This coming Sunday, if you tune into HOT 3, you may end up smack in the middle of the third season of Great Britain’s most-watched TV crime drama series since the beginning of the third millennium. Not bad for a consulting detective and his chronicler-friend, begotten about 125 years ago in the fertile mind of Arthur Conan Doyle. Yes, I mean Sherlock Holmes (played by Benedict Cumberbatch) and Dr. John Watson, (Martin Freeman), in “The Sign of Three,” the second episode of the third season of “Sherlock.”
As series go, each season of “Sherlock” is rather short, and as if to compensate for it, each episode is long – again, as TV series go (90 minutes). The project, produced by the BBC, is the brainchild of Stephen Moffat and Mark Gatiss (who also portrays Mycroft, the sleuth’s smarter brother), and is supposed to bring the very Victorian duo into the 21st century. Last week, viewers were also briefly introduced to the siblings’ parents, played by Cumberbatch’s real-life parents.
The very “seriality” of the project was a major factor in creating and sustaining the popularity of “The Canon” (or “The Conan”): 56 short stories and four novels about the escapades of the world’s first consulting detective and the good doctor, penned and published between the late 1880s and the 1920s. Conan Doyle published the first two novels (“A Study in Scarlet,” which served as the starting point of the first episode of the first series, “A Study in Pink,” and “The Sign of Four”). Readers couldn’t have cared less. Then he had a brilliant idea: “A number of monthly magazines were coming out at that time, notable among which was The Strand. Considering these various journals with their disconnected stories, it had struck me that a single character running through a series, if it only engaged the attention of the reader, would bind that reader to that particular magazine ... Looking around for my central character, I felt that Sherlock Holmes, who I had already handled in two little books, would easily lend himself to a succession of short stories.”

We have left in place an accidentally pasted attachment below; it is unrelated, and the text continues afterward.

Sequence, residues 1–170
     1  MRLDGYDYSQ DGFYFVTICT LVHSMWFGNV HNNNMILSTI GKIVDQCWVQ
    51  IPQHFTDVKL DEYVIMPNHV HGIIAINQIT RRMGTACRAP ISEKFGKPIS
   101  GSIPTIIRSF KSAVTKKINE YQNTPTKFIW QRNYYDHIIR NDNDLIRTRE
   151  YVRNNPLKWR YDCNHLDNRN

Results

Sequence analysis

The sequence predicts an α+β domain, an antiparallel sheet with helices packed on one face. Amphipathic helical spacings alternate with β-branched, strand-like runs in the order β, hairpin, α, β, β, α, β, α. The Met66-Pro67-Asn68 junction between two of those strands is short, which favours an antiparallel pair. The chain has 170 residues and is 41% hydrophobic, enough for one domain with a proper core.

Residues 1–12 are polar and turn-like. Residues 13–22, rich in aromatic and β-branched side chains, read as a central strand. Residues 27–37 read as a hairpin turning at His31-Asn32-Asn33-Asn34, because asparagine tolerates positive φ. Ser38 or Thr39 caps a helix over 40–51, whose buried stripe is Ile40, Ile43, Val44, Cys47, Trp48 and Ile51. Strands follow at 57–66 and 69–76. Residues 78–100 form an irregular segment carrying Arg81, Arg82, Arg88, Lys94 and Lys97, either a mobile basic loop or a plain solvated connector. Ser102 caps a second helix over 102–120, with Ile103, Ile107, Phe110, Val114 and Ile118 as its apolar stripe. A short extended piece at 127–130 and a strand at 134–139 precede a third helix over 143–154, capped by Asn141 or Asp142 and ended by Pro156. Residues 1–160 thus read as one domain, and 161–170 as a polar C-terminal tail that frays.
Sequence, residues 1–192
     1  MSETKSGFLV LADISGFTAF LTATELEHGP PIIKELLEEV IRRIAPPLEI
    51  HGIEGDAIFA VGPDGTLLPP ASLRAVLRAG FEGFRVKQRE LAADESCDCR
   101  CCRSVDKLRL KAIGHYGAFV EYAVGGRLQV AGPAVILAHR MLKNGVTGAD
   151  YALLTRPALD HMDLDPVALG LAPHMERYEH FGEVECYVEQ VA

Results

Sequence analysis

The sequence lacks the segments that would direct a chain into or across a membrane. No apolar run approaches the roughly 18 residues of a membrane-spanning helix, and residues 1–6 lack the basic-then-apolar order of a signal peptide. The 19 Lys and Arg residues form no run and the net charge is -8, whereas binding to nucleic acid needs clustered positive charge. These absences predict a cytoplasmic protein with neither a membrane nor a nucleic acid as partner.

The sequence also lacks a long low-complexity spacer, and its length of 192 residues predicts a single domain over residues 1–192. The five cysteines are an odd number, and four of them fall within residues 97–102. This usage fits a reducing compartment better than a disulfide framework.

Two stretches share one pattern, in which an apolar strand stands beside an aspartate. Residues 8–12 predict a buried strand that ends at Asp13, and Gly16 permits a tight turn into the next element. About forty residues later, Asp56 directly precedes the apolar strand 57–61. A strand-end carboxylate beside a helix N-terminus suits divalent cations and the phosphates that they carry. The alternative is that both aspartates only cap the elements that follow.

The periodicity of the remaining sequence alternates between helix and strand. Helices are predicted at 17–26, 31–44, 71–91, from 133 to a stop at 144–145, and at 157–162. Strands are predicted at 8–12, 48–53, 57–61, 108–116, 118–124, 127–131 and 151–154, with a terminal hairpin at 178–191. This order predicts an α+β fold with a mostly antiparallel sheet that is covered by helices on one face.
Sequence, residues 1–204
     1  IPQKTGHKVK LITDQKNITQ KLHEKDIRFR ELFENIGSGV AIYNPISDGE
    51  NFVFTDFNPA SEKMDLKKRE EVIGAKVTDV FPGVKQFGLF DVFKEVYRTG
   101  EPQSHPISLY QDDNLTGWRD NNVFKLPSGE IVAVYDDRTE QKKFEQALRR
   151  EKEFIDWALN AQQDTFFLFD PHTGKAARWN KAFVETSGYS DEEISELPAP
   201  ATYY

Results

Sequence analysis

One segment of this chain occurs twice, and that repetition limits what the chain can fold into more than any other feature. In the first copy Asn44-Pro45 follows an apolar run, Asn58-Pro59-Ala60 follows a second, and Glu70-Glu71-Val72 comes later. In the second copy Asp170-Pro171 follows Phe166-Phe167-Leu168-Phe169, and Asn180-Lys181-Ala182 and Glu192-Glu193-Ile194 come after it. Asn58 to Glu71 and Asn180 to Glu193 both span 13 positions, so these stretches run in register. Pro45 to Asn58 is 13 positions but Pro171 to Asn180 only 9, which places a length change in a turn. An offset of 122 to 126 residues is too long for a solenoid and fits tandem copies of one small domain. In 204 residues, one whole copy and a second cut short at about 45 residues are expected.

With the duo as characters in a series, the popularity of Sherlock and Watson soared, and Conan Doyle soon felt enslaved by his heroes, obliged to invent a new story every month. Each season had 12 stories, and he demanded, and received, a raise after each six. In 1893, by the end of the second season of stories, he had decided to kill off the sleuth, and let him fall into the rushing waters of Reichenbach Falls, Switzerland in the murderous clutches of his arch-nemesis, Prof. James Moriarty. In print, the title of the story was “The Final Problem.” By that time, many readers believed that Holmes and Watson were real, not fictional characters (an illusion sustained to this day, making Holmes unique in the annals of literature in that respect) and mourned Holmes’ apparent untimely demise.